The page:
In a column published by The Guardian, former universities minister Chris Skidmore makes the claim that there’s a higher risk for poorer students dropping out if universities shift online. This article—based on a study from 2017—was posted 4 May, 2020 in the wake of the COVID-19 crisis forcing many universities to close and offer fully online courses. This statement was found mostly true.
The article opens by describing the current state of universities as a result of the coronavirus shutting them down, which includes a bailout requested from the government for 2.5 billion euros. Skidmore then projects that the immediate future of universities is online—which could be a solution to the universities’ financial strain. But the cost of online learning at the university level falls on students from disadvantaged backgrounds, in Skidmore’s eyes. He cites and quotes the 2017 study done by Eric Bettinger and Susanna Loeb called “Promise and pitfalls of online education.” Skidmore spends a paragraph on the report, saying that poor students perform worse in online courses and are more likely to drop out of such courses. Then he moves on to his personal, anecdotal experiences as the former universities minister and opinion on how universities should move forward.
In order to verify this claim, it was important to look first at the source cited in the article. Nowhere within the study by Bettinger and Loeb are the words “poor” or “disadvantaged backgrounds” used to describe the students being discussed in the article. Instead, the authors use the term “least well-prepared” where Skidmore used the term “disadvantaged backgrounds.”
The highlighted texts show where (in yellow) Skidmore uses the study to back up his claim about students from disadvantaged backgrounds. The next quote, from from the study, shows where (in blue) the phrase is used to describe the students is “least well-prepared.”
Using the term “least-well prepared” covers a very broad category of students. Of course, this could include students from disadvantaged backgrounds, but since the authors did not specify, we cannot be completely sure this is the group they were referencing. To base the whole article off of this small section of the study and change the label of the students being discussed is a bit of a reach, even though Skidmore does make good points later in the article. It is also important to note that Skidmore’s only source is by academics from the United States. The concept of online learning is universal, but there are still distinct differences in the education systems in the United States and the UK.
However, just because this study was a bit taken out of context here, does not mean that the overall message isn’t true. To determine if there is a higher risk for students from disadvantaged backgrounds dropping out of online university, more sources must be looked at.
According to a report by Spiros Protopsaltis and Sandy Baum, both underprepared and disadvantaged students underperform and experience poor outcomes on average in online courses. Both Protopsaltis and Baum are professors at universities in the United States. Part of their concern is that with cost-cutting efforts in education, well-intentioned moves to give greater access to university educations could lead to more disadvantaged students experiencing “cheap” and “ineffective” online education.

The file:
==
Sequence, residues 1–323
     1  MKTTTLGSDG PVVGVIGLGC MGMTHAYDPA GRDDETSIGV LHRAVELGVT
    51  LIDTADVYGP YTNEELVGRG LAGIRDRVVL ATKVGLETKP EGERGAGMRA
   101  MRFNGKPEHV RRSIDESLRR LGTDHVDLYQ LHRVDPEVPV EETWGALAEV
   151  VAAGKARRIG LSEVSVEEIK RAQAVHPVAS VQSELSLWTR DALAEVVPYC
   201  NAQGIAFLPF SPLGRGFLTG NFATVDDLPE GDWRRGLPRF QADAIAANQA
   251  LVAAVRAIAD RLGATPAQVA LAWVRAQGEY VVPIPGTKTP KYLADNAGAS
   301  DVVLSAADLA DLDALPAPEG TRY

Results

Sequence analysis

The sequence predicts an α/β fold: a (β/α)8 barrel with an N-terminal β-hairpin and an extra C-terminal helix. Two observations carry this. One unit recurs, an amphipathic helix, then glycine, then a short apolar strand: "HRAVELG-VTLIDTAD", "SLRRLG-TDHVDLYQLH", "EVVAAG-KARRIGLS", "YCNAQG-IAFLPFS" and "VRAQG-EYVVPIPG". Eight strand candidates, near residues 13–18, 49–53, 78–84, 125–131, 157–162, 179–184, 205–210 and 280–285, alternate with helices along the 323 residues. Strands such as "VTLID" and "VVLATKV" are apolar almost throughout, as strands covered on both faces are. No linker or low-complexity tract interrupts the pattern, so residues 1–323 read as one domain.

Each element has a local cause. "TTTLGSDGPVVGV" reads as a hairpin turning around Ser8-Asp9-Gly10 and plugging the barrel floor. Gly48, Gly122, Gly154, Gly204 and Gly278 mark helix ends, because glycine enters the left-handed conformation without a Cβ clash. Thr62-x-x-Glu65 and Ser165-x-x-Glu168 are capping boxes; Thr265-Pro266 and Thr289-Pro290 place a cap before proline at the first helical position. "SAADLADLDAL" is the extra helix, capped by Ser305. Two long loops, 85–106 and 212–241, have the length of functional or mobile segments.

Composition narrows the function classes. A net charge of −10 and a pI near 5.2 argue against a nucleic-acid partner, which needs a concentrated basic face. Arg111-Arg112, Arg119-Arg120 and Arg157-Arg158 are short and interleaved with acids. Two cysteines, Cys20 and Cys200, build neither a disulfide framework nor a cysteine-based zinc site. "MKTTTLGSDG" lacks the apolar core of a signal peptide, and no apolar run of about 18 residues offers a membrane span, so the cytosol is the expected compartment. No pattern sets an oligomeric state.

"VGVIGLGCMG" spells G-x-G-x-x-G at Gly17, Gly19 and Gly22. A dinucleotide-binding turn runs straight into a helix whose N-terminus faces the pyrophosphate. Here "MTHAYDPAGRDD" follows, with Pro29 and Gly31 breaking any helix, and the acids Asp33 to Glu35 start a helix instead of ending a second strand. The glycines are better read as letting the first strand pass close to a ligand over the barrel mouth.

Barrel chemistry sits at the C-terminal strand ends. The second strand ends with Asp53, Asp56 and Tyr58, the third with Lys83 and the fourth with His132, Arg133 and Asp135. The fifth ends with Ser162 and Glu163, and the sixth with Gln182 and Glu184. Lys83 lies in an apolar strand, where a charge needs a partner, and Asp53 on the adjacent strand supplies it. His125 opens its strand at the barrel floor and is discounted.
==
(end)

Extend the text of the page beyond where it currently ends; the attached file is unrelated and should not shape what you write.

In another study called “Virtual Classrooms: How Online College Courses Affect Student Success”, which was conducted by professors at Harvard and Stanford, researchers found that students with weak preparation do not do well in online courses. The students in the study attended schools that disproportionately enroll low-income students. These groups of students tend to drop out of college at high rates.
The UK Institute for Fiscal Studies did a survey in regard to students’ success with at home learning due to the COVID-19 crisis closing all primary and secondary schools. They found from responses that students from better-off families have greater access to resources for home learning and are spending 30% more time on home learning than students from poorer families. Even though the students surveyed were in primary and secondary school, the survey responses support the idea that disadvantaged students are less likely to thrive in online classes.
There are several factors that could contribute to this overall conclusion that students from disadvantaged backgrounds do not perform well in online class settings. According to The Hechinger Report, maybe most significant is the fact that not all students may own their own laptop or have consistent access to Wi-Fi. Both issues would make it all but impossible to be successful in an online instruction setting. Another contributing factor in The Hechinger Report is that if the students come from low-income backgrounds, they likely work at least one job to pay the bills. This adds in another factor to juggling school and managing online coursework that is largely independent. For these students, most studies found that face-to-face instruction was a much more successful form of instruction.
The claim made by Chris Skidmore that there’s a higher risk for poorer students dropping out if universities shift online is found to be mostly true. This is not to say that all students from disadvantaged backgrounds cannot find success in online classes. However, the leading research makes the conclusion that on average, students from disadvantaged backgrounds are more likely to underperform in online courses.
RESEARCH | ARTICLE : Cora Hall
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